I would argue that a more useful investment would be in testing that the software behaves as expected. Many researchers I have spoken to have not appreciated the importance of testing. A common misconception is that because the mathematics is correct, the software must be correct (completely ignoring the possibility of silly coding mistakes, which everybody makes). Commercial software has the benefit of user feedback, for detecting some incorrect failures. Research software may only ever have one user.

Research software engineer is the fancy title now being applied to people who write the software used in research. Originally this struck me as an example of what companies do when they cannot pay people more, they give them a fancy title. Recently the Society of Research Software Engineering was setup. This society could certainly help with training, but I don’t see it making much difference with regard status and salary.

Researching programming languages

Derek Jones from The Shape of Code

What useful things might be learned from evidence-based research into programming languages?

A common answer is researching how to design a programming language having a collection of desirable characteristics; with desirable characteristics including one or more of: supporting the creation of reliable, maintainable, readable, code, or being easy to learn, or easy to understand, etc.

Building a theory of, say, code readability is an iterative process. A theory is proposed, experiments are run, results are analysed; rinse and repeat until a theory having a good enough match to human behavior is found. One iteration will take many years: once a theory is proposed, an implementation has to be built, developers have to learn it, and spend lots of time using it to enable longer term readability data to be obtained. This iterative process is likely to take many decades.

Running one iteration will require 100+ developers using the language over several years. Why 100+? Lots of subjects are needed to obtain statistically meaningful results, people differ in their characteristics and previous software experience, and some will drop out of the experiment. Just one iteration is going to cost a lot of money.

If researchers do succeed in being funded and eventually discovering some good enough theories, will there be a mass migration of developers to using languages based on the results of the research findings? The huge investment in existing languages (both in terms of existing code and developer know-how) means that to stand any chance of being widely adopted these new language(s) are going to have to deliver a substantial benefit.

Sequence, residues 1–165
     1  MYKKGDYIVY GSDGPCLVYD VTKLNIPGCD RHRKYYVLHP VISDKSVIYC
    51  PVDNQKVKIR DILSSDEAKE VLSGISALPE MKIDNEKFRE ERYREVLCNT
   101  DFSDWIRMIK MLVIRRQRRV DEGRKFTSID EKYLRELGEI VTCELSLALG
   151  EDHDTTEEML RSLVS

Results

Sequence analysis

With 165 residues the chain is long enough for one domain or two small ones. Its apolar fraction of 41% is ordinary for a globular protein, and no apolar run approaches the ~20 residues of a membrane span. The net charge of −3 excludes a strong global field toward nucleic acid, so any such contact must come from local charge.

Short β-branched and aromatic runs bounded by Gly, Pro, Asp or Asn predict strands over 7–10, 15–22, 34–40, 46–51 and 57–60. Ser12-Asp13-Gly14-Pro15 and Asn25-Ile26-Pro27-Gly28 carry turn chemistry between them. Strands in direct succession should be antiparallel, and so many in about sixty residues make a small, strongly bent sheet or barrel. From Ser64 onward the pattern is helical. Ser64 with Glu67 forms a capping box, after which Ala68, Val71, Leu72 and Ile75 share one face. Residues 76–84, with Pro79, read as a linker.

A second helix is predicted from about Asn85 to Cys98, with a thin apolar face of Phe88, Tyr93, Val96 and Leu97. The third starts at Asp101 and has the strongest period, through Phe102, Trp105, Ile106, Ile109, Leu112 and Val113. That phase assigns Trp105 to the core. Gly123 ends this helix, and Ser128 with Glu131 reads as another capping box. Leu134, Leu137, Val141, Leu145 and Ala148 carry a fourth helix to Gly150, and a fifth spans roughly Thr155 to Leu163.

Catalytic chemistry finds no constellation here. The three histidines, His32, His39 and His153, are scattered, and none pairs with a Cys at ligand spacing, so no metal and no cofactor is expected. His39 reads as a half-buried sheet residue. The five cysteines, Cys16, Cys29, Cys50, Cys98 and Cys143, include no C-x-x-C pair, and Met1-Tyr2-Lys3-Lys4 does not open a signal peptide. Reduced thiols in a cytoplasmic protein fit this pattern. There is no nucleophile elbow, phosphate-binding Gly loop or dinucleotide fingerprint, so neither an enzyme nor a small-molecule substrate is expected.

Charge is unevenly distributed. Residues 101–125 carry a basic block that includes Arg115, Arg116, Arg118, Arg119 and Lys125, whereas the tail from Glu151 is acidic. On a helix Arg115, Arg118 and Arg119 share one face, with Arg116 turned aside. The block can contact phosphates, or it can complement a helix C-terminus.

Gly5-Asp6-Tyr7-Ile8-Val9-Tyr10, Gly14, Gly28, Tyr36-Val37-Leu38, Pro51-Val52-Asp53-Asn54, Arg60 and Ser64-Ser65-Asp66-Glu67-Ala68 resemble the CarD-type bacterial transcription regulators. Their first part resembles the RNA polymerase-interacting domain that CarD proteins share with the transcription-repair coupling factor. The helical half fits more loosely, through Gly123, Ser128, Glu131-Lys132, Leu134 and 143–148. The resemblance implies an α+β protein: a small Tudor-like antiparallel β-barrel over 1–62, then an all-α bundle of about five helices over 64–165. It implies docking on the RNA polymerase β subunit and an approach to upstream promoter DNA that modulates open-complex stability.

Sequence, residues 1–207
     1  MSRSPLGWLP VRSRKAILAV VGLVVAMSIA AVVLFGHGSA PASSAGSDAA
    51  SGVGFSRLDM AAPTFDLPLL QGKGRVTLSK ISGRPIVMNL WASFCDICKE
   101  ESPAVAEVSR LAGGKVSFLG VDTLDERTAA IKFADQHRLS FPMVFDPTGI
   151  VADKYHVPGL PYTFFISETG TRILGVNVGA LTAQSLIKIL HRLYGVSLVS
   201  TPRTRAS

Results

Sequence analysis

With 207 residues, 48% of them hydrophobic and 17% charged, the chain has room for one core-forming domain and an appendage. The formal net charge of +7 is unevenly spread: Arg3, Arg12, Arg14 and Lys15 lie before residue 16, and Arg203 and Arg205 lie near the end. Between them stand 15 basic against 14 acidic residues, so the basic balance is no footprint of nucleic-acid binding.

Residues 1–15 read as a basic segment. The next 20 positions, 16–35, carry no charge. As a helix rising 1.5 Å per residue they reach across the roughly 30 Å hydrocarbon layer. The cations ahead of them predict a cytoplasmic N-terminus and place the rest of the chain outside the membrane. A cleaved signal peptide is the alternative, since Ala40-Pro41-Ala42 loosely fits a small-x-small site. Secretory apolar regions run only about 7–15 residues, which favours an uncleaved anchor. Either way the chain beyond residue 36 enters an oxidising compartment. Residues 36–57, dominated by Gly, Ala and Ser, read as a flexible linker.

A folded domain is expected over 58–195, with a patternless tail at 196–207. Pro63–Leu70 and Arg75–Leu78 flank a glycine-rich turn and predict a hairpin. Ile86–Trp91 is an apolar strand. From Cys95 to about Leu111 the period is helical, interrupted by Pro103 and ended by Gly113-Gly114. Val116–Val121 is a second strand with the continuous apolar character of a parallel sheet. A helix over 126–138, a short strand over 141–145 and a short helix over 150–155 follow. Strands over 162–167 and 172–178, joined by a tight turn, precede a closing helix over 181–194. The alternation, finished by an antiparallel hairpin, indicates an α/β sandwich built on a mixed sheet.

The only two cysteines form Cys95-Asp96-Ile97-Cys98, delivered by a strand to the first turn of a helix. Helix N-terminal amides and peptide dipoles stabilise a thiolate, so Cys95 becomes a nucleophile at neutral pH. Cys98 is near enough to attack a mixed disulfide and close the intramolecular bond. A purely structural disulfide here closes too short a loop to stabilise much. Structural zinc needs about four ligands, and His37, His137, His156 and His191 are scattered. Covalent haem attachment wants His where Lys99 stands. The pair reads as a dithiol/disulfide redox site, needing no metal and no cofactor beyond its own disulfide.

I don’t see a high cost multi-decade research project being funded, and based on the performance improvements seen in studies of programming constructs I don’t see the benefits being that great (benefits in use of particular constructs may be large, but I don’t see an overall factor of two improvement).

I think that creating new programming languages will continue to be a popular activity (it is vanity research), and I’m sure that the creators of these languages will continue to claim that their language has some collection of desirable characteristics without any evidence.

What programming research might be useful and practical to do?

One potentially practical and useful question is the lifecycle of programming languages. Where the components of the lifecycle includes developers who can code in the language, source code written in the language, and companies dependent on programs written in the language (who are therefore interested in hiring people fluent in the language).

Many languages come and go without many people noticing, a few become popular for a few years, and a handful continue to be widely used over decades. What are the stages of life for a programming language, what factors have the largest influence on how widely a language is used, and for how long it continues to be used?

Sixty years worth of data is waiting to be collected and collated; enough to keep researchers busy for many years.

The uses of a lifecycle model, that I can thinkk of, all involve the future of a language, e.g., how much of a future does it have and how might it be extended.

Some recent work looking at the rate of adoption of new language features includes: On the adoption, usage and evolution of Kotlin Features on Android development, and Understanding the use of lambda expressions in Java; also see section 7.3.1 of Evidence-based software engineering.